Working digitally is certainly faster in terms of the impact on scheduling, thanks to the way you can share plots between producer and editor via DropBox. It means that the editor can be working on the 1st edit of one piece while I’m still marking up the first plot of a later piece from the same recording session, rather than the old system where we’d all wait until we’d completely finish a plot/edit stage before putting everything back in the post so we weren’t wasting money on stamps. It means that I’ve been able to work to tight deadlines that would otherwise have been near impossible.


Record producer session notes and edit plots on a digital score, using an iPad Pro and Apple Pencil

Is there anything you miss about paper plotting?


JL: No. I think it might be different for bigger scores; orchestral scores might be a bit tricky but it’s definitely fine for chamber and choral music. I've very successfully plotted choral music with organ and brass ensemble but I’ve not tried it for orchestral though I intend to give it a go on an upcoming session. The thing about the 12.9” iPad Pro is that it is not far from A4 size but if you've got an A3 sized orchestral store that might be harder to keep on the iPad.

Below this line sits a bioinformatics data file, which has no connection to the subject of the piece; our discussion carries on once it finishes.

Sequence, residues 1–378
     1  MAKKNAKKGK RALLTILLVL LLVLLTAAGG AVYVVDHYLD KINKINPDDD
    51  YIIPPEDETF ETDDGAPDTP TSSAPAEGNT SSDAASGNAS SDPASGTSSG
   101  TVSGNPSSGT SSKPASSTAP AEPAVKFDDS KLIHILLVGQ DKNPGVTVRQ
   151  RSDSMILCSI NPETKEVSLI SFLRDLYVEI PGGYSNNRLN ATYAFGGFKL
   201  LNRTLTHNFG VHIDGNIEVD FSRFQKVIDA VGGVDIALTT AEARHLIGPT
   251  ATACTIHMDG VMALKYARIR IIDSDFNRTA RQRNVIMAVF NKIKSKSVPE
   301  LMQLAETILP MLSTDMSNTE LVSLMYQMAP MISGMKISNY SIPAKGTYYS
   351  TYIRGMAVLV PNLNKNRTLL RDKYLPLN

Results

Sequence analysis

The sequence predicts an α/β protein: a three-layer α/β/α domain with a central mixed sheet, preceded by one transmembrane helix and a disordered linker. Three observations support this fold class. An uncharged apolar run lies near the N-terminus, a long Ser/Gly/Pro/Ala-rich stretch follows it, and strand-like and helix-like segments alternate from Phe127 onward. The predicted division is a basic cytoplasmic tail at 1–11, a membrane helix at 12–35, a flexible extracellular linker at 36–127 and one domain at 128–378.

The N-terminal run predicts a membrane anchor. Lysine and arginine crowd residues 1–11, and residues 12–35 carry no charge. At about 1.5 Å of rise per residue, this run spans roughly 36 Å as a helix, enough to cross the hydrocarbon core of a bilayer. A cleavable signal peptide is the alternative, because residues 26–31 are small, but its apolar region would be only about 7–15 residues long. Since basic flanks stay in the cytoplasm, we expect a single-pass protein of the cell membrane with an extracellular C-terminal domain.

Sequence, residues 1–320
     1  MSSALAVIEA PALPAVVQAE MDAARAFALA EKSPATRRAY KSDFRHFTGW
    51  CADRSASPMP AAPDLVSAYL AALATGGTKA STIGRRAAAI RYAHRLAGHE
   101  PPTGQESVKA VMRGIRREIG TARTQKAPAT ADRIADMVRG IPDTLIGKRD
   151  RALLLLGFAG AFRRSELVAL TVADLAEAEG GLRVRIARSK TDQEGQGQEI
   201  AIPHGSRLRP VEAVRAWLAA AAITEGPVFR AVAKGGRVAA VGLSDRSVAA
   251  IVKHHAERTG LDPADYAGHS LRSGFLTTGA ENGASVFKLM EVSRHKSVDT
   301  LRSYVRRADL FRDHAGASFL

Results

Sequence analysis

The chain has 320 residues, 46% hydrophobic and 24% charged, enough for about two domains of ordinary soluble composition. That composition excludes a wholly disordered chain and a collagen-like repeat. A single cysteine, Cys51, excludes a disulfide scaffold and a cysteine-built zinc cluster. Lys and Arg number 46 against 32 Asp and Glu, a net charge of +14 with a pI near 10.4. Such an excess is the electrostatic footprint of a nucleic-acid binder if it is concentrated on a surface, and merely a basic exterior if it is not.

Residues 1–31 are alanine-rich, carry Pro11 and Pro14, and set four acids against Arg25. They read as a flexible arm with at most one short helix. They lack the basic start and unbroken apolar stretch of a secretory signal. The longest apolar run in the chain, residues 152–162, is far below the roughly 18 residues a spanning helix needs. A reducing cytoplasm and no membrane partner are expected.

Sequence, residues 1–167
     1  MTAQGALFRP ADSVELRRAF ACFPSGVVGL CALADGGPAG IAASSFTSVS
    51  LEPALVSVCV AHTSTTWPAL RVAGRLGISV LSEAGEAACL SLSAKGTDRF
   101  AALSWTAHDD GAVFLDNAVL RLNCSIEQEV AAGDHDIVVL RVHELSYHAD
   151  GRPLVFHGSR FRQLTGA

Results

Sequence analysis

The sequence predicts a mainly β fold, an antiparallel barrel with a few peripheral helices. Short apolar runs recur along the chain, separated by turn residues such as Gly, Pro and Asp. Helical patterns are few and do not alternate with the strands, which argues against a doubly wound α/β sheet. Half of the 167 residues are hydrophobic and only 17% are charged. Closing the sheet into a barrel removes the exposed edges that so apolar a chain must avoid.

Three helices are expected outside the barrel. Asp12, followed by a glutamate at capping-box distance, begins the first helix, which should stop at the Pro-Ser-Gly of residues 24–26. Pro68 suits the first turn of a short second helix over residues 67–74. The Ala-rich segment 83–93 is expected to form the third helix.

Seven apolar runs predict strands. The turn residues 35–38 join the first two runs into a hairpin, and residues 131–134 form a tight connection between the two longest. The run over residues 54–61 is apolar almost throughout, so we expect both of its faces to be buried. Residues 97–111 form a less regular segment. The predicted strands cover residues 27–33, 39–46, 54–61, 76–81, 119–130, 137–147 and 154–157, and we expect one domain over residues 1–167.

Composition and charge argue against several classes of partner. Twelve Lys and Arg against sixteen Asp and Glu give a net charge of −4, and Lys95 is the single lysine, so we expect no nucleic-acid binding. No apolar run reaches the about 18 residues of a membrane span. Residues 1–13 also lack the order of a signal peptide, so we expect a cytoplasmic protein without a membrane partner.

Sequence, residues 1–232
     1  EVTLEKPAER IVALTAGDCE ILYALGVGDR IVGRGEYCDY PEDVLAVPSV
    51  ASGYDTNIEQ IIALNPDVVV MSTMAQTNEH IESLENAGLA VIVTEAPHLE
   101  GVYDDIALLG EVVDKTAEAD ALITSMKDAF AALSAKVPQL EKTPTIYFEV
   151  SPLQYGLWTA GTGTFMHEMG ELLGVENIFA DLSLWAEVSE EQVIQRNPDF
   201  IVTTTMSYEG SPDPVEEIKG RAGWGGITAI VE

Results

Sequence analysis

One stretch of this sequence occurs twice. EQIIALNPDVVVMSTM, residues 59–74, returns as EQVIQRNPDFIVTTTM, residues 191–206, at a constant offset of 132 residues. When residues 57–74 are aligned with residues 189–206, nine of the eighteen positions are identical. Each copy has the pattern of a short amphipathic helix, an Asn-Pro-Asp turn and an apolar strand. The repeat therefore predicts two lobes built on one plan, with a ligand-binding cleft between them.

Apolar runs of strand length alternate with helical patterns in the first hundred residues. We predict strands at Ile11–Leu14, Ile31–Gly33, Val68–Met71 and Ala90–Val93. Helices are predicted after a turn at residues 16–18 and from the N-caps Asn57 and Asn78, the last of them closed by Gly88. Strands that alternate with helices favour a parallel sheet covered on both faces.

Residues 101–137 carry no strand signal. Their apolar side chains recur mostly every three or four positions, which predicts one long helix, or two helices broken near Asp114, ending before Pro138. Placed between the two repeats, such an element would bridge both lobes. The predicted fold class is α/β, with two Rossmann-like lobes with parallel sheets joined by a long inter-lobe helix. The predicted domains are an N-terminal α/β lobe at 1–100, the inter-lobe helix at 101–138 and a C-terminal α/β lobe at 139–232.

Other than that I’d struggle to point out any downsides and there’s nothing I miss from paper plotting, in fact I much prefer plotting on the iPad. It’s just such a time saver. It completely removes the need to take scores to a post office or scan in or print out or whichever one of these functions you’d normally end up doing.


Another bonus is that if you've got fiddly marks to make and there are lots of things already on the score you can zoom in and find a space!


In addition, during the pandemic, it’s been great not having to rely on the post office and the post. It's made the times we've been able to record during lockdowns and whatever else so easy, in terms of dealing with the post-production work remotely and not having to interact or break any rules. On top of that, it’s just so quick, I simply can’t emphasise enough how much quicker it’s made the post-production process.


Do you have any advice for someone looking to make the switch to paperless score plotting?